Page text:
Again, we can’t earn our salvation. READ Romans 3:23-24. We’ve all sinned. That means that no one is able to reach the standard set by a holy God. But v. 24 is just as important. READ v. 24. So, again, we sin, Jesus paid the price so we are redeemed, and we are SAVED. SAVED. What does that mean exactly? Saved…

When we are saved, we are justified, or made righteous before God. At the judgement seat, we will kneel before God and He looks in the book of all that we have done that is labeled as sin. God says, “I can’t let you into my heaven with weight of sin that you have.” Jesus steps forward and says, “Father, I paid the price for him/her.” And God says, “Because of what my Son did for you, I now count you as righteous. Enter into my heaven.”

I said last week and I’ll say it again, God’s gift of salvation is free of charge. It’s hard for us to understand that fully. People can give a gift, but they often have a subtle—or not so subtle—expectation that they will get something in return. Yet God freely gave for our justification and expects nothing from us but our faith in Jesus Christ.

But even though Christ’s work of justification for us is free, it’s not cheap. God won’t declare anyone righteous without dealing with that person’s sin. Insert Jesus! Jesus gave His life to bring us back to Himself.

Why would God do that? We were hopelessly lost and utterly incapable of fixing our own problems. But while we were still messy and broken God gave us the incredible gift of His Son, Jesus Christ. That’s what has given us the opportunity to have a right relationship with God. THAT is what has saved us. JESUS SAVES!!!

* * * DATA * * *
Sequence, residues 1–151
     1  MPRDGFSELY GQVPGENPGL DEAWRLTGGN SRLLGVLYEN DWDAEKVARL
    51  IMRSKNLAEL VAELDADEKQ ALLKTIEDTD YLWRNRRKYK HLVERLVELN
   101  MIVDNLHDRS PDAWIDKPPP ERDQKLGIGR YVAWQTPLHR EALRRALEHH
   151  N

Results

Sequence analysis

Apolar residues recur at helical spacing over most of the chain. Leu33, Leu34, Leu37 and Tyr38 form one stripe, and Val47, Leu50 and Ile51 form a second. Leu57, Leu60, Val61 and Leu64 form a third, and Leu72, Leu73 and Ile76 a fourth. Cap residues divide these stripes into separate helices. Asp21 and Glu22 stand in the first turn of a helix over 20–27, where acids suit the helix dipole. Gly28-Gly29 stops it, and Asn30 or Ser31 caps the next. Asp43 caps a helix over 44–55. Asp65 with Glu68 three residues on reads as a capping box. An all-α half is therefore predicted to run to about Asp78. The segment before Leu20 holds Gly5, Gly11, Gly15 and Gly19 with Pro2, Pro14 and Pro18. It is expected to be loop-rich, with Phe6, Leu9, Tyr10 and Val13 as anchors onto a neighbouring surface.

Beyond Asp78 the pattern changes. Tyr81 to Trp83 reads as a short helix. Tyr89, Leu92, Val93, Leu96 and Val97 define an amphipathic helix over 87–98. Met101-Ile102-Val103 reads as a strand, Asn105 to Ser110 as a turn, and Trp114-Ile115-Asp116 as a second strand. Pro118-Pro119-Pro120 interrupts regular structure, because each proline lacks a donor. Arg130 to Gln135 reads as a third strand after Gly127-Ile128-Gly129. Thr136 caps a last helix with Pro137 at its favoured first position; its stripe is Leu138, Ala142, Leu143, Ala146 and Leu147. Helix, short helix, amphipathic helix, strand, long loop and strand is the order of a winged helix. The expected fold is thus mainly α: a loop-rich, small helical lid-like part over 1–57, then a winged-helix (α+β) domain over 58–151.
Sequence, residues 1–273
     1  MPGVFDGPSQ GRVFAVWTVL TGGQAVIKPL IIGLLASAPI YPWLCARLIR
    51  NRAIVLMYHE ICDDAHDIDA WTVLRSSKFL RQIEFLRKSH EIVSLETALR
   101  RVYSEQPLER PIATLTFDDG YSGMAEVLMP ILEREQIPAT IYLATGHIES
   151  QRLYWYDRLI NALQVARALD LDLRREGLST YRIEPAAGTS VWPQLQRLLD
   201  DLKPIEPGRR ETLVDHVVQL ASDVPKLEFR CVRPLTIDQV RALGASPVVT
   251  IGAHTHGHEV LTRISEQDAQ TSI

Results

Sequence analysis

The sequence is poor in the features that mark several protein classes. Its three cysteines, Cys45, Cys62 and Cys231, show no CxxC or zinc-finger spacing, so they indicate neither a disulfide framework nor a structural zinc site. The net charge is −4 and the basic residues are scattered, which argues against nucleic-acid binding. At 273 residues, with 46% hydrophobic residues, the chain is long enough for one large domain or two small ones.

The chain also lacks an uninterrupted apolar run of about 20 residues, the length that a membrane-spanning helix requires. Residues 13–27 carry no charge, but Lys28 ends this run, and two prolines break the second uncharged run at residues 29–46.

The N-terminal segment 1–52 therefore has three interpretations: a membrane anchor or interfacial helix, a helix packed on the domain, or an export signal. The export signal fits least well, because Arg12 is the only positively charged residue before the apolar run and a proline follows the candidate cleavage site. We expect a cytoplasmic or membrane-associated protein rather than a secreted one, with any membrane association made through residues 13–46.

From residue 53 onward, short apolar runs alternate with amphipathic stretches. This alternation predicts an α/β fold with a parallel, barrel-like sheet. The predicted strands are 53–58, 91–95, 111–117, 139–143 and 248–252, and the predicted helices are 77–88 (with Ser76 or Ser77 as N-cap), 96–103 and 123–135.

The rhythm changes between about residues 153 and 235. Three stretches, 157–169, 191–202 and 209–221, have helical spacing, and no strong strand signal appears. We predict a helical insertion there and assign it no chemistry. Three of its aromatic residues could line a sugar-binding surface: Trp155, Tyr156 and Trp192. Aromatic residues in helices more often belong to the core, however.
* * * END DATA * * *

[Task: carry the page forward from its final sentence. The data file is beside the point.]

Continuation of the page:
I quoted Ephesians 2:8-9 last week but let me mention it again right here. “For by grace are ye saved through faith; and that not of yourselves: it is the gift of God:

9 Not of works, lest any man should boast.” Do you know what that is saying?

It is saying that God has made a way for us to be made righteous, but His way requires no effort on our part. All we do is place our faith in Jesus and God makes us righteous through faith. Salvation doesn’t come by works or by being good. Salvation comes solely through faith.

We can’t buy our way to heaven. But we can receive God’s grace and be declared righteous by God and go to heaven with nothing but faith to show for it.

Hear me on this: in Christ, we don’t need to try to please God. Did you hear that? He has already declared that He is pleased with us because of what Jesus did at the cross. We no longer need to try to be good enough to earn salvation (because we’ll NEVER be good enough anyway.) God has already given us His own righteousness if we have placed our faith in His Son Jesus.

In Rom. 3:24, we are told that the righteousness that God provides to believers comes “freely by His grace.” That means it can’t be purchased or earned. Did we deserve it? No! But God gave it to us anyway because we could never earn it. And we don’t have to pay Him back for it. It’s ours—no strings attached.

READ Romans 3:25-28. Ok. I’ve already said that we can’t work for our salvation. Yet, when we become a child of God, we tend to WANT to work for the Lord. We want to do good things. We want to witness and build God’s kingdom because Jesus told us to do just that. So how does that all come together?